Just this week in my small town, a college football player took a plea deal after being charged with three felonies. And just like that, he’s back on the team. Because OF COURSE he is, because football=money and we all know that’s much more important than a person actually taking real consequences for their choices. It’s so disappointing to see my alma mater make this kind of choice. I expect better of them than I do of the NFL, for example (though I’d love to see the NFL improve on its laughably poor handling of its latest debacle).

It seems that we are especially willing to forget when the crime/poor choice was a man doing harm to a woman or any form of misogyny.

For instance, most of us remember that Chris Brown beat the crap out of Rhianna. He pled guilty and was given the equivalent of a slap on the wrist (this brings up another element of these stories – we all seem to take it for granted that, if you’re a rich guy, there’s no way you’ll be held to the same standard of consequences as someone who isn’t), and now it’s like, oh, whatever, never mind, that was awhile ago, now he’s fine. Websites that I usually respect, like the AV Club, still review his new album as if nothing ever happened. I’m not in favor of never giving anyone a second chance, but I don’t think we have to do it automatically, and I think that forgiving people for awful, criminal acts just because time has passed is really shitty. Where was his apology and amends for what he did? I don’t think it ever happened. I’m sure the AV Club wants to have a wide range of reviews, but it would be easier for me to respect them if they chose not to review works from artists who are known misogynists.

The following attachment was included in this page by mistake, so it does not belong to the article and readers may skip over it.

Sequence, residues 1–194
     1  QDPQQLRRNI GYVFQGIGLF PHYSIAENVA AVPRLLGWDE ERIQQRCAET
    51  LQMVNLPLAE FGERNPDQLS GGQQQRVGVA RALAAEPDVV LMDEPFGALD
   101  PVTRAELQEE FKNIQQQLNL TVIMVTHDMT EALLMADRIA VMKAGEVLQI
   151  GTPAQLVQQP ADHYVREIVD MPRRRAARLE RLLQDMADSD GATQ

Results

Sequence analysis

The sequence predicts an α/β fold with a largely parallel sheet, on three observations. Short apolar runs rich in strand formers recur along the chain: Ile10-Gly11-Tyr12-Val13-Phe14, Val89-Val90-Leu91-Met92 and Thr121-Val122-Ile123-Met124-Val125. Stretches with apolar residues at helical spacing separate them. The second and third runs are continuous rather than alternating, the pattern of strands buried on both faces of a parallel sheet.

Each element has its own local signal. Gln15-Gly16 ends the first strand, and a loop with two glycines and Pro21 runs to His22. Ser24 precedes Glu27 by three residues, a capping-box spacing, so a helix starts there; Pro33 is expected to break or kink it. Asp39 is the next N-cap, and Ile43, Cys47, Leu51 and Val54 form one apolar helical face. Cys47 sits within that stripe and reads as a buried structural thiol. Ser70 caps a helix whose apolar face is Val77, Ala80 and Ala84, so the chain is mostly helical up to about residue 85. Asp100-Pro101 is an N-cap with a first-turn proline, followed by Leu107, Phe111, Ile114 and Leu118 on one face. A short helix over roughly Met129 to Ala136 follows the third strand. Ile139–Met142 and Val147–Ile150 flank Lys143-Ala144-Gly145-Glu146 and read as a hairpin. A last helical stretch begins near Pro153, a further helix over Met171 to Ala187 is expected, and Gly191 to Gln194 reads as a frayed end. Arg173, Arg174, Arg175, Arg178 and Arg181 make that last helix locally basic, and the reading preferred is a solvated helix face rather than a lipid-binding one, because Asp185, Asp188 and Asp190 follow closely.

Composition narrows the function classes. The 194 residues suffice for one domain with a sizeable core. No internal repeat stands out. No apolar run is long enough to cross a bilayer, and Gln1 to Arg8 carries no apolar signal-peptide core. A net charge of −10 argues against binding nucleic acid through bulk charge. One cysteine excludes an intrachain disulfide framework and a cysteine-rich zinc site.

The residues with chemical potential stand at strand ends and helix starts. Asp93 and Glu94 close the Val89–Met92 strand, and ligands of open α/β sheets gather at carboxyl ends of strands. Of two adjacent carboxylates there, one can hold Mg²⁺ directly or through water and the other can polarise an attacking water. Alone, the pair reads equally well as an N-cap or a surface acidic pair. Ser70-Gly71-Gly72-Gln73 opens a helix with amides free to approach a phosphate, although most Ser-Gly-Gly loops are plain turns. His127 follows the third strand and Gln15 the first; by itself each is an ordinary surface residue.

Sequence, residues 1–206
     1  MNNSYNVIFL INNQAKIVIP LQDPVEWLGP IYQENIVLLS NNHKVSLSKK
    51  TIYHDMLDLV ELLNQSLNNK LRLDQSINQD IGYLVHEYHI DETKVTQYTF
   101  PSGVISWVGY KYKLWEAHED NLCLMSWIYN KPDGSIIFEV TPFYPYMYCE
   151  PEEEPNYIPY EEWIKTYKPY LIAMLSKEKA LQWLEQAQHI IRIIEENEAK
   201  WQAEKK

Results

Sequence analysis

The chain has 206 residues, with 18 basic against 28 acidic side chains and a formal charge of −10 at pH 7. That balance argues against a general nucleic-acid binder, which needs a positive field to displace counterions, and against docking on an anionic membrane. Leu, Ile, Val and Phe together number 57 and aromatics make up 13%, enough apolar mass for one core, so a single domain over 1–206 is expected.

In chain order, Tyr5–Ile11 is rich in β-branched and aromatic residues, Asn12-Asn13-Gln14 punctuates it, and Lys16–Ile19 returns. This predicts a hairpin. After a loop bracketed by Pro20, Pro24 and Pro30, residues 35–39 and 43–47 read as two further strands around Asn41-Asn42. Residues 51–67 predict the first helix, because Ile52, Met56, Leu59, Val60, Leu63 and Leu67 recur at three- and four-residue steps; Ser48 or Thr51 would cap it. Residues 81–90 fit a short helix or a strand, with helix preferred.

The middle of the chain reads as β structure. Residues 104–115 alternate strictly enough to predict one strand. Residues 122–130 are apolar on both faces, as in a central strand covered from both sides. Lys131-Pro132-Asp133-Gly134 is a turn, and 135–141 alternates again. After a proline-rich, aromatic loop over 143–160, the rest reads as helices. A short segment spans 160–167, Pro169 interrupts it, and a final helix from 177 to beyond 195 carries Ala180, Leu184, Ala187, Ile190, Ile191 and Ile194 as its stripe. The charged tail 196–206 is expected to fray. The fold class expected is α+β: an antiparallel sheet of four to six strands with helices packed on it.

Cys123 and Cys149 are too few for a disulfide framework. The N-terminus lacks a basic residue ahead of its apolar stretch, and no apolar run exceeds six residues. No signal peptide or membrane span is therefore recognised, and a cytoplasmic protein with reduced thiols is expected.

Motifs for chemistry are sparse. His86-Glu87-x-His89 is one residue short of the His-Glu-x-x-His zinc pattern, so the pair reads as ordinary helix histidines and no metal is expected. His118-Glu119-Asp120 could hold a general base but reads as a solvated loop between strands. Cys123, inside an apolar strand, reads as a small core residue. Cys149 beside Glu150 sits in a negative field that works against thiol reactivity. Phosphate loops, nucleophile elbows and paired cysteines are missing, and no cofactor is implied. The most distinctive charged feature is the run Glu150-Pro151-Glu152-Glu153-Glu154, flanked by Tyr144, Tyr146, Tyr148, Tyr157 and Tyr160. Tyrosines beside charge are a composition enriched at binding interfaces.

Those are just a couple of examples out of many. It’s so tiring to see this happening over and over. I don’t think it’s probably even possible to participate in contemporary culture without separating artists from their art at least a little bit, BUT I don’t think we have to completely look away from these things, either. If you love a Woody Allen movie, at least be aware of the almost-unbelievable things he’s done in his personal life and the way his actions have affected the people in his life. There’s more awesome art than you can shake a stick at being created by good people who aren’t guilty of misogyny/violence/predatory acts/etc., so why not choose to fill your life with that? Or at least more of it? If I hear a song/see a piece of art that I like, I’m likely to try to find out more about the creator(s). At least then I’ll KNOW who I’m listening to or appreciating, and I can determine whether or not that affects my appreciation for the thing they made. As ever, problematic military toy G.I. Joe’s PSA writers had it at least a little bit right when they said, “Now I know. And knowing is half the battle.”